Firebug gives you control to change the position of elements and see the changes immediately in the browser. No Save-Cmd-Tab-Reload going on here. One thing missing from Firebug is the ability to see a mockup image of a site overlayed on the actual site. This feature exists in a Firebug extension called PixelPerfect.

Some HTML purists will tell you that attempting to obtain true pixel perfection will inevitably result in messy code. But I say if it’s possible to easily make your web page look exactly like you designed it, go forth and be a perfectionist.

With PixelPerfect, you set an overlay graphic and give it a transparency level. Then you can make CSS adjustments, check them against your mockup, and then make a few more tweaks.

Image:Firebug-pixelperfect.png


Firebug for front-end coders

Firebug really starts to show it’s stuff when you dig into the more advanced tools for front-end coders. No more alert statements clogging your JavaScript!

Debug JavaScript

The debugger in Firebug takes JavaScript from cute little client-side scripting to a full-fledged language. Set breakpoints and watch values, just like most development environments. The obvious upside to Firebug: it lives in the browser, where all the JavaScript code runs.

To begin debugging JavaScript for the current page, open up Firebug and choose the Script tab. You can browse the different JavaScript files that are on your page by clicking the name of the one selected (to the right of Inspect and Enabled). Don’t be surprised if you have a long list of JavaScript files to choose from. Many embedded services use JavaScript, such as Google Maps and Google Analytics.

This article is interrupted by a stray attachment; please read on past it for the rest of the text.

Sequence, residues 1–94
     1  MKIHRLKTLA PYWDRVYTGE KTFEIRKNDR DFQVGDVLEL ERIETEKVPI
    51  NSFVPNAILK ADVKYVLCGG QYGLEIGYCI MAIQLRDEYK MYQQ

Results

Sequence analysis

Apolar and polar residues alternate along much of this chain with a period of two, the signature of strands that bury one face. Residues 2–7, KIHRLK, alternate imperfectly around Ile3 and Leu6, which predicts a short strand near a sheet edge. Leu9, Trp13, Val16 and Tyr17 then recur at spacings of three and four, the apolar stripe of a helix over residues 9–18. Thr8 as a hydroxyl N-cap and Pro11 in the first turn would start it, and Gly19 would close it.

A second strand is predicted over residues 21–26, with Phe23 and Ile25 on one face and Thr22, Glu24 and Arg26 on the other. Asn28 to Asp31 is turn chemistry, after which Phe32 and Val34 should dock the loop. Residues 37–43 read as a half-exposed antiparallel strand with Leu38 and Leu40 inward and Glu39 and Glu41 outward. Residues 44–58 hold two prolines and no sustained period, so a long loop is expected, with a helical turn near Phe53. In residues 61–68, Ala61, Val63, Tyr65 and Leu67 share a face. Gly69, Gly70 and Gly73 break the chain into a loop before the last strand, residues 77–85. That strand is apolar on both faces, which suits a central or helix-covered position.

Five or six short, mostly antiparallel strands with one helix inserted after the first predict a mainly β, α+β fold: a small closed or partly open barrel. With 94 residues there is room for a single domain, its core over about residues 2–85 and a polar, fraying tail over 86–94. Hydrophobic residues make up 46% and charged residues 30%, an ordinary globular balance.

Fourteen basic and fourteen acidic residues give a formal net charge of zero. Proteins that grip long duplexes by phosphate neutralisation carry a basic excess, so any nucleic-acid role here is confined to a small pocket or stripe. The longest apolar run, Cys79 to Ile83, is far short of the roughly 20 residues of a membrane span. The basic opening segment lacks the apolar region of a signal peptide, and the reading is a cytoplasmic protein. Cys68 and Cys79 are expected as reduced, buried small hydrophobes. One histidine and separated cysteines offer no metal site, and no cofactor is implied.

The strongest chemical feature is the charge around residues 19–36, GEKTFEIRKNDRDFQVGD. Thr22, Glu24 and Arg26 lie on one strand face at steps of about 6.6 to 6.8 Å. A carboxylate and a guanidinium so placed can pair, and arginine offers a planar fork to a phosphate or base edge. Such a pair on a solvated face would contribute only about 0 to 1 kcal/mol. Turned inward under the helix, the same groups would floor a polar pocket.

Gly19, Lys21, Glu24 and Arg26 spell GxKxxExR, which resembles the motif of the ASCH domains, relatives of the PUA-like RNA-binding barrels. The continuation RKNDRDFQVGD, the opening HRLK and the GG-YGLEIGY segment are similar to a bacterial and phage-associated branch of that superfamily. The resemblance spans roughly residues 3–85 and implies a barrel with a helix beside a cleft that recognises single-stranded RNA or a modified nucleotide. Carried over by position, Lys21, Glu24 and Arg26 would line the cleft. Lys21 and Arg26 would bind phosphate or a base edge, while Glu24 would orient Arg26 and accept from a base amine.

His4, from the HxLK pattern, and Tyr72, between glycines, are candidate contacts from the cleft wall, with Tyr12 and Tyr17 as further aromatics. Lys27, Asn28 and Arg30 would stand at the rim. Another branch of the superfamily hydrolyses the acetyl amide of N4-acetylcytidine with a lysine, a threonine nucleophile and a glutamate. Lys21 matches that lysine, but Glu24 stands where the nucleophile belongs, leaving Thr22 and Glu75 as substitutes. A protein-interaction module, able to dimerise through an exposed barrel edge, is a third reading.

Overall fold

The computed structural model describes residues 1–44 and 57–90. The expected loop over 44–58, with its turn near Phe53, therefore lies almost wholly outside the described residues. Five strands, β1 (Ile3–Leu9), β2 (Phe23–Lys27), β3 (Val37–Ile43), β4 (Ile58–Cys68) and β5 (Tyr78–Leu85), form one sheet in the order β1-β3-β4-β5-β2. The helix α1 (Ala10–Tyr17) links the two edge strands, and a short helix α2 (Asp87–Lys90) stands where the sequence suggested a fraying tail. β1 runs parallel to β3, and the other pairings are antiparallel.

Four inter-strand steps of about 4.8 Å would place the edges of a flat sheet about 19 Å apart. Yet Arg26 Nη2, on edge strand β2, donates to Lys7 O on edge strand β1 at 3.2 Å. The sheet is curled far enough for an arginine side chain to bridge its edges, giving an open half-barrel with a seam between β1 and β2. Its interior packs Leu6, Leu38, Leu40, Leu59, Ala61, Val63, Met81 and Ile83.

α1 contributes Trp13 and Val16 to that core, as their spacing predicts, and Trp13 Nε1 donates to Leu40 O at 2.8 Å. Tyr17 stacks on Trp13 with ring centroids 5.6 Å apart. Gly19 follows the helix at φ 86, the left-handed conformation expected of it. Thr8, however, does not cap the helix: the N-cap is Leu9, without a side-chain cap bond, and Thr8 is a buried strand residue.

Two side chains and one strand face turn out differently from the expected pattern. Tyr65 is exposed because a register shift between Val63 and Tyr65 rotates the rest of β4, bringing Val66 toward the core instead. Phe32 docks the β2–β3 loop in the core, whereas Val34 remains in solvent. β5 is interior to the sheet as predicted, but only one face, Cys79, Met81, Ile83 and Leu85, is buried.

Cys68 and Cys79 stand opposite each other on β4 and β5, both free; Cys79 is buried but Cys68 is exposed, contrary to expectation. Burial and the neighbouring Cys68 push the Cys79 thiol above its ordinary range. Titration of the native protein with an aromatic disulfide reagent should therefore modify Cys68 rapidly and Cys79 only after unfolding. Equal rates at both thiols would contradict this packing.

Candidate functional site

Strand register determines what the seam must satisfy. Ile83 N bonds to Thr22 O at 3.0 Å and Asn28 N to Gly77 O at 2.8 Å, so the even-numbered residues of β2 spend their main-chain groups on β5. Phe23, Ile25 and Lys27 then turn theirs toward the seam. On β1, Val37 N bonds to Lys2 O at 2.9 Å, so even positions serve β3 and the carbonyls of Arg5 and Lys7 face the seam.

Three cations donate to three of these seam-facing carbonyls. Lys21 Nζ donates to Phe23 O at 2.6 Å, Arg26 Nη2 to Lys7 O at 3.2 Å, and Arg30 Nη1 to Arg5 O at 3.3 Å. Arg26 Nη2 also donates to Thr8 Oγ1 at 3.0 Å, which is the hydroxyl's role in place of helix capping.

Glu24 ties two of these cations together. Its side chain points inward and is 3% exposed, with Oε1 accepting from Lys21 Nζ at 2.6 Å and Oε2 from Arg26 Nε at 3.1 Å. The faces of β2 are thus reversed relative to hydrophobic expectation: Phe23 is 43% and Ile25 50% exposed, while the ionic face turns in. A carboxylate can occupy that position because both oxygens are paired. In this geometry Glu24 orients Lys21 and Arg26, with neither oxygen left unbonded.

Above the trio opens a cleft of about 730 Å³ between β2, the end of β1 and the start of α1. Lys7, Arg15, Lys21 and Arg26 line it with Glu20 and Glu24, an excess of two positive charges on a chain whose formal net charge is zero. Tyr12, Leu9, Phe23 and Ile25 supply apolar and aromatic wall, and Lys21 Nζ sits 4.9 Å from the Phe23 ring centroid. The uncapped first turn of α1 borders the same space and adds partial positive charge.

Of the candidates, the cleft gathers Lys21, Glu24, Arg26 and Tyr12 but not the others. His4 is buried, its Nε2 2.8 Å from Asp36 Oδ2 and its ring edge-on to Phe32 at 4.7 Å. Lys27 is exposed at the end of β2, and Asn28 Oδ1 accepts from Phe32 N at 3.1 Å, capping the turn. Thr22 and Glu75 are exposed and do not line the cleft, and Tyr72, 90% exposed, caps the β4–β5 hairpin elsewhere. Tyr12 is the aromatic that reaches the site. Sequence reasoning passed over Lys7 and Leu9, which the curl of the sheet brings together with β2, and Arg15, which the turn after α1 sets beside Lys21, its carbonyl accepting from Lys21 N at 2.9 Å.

Image:Firebug-debug1.png

Find a line of questionable script (or just a good stopping place) and click its line number to set a breakpoint.


Image:Firebug-debug2.png

Then, reload the page. When it comes time for the JavaScript line to be called, Firebug will open in debug mode:


Image:Firebug-debug3.png

Use the right side of the Firebug pane to browse through watched variables and add new ones. You can step through the code using the debug controls:


Image:Firebug-debugcontrols.png

This article won’t go into the details of debugging, but here’s a quick primer on the controls:

  • Continue resumes running JavaScript after a breakpoint
  • Step Into goes into a function so step through it line by line
  • Step Over does not go into a function and just goes to the next line
  • Step Out finishes off the current function (after a step into)

By using breakpoints in concert with variable watching, you can find much more difficult bugs than when just tossing up alerts.

Other debugging tutorials

JavaScript Debugging for Beginners
Advanced JavaScript Tutorial – Lesson 5

Why slow with YSlow

How much a user enjoys your site has a lot to do with content, but there’s another, less tangible factor: speed. If your site loads slowly, users won’t put up with it.

Thankfully, speed fixes are usually easier to whip up than you’d think. Try out the Firebug extension called YSlow, another meta-extension built by Yahoo and based on the company’s 13 Performance Rules. For any page, YSlow will provide a speed grade and recommendations for making it faster.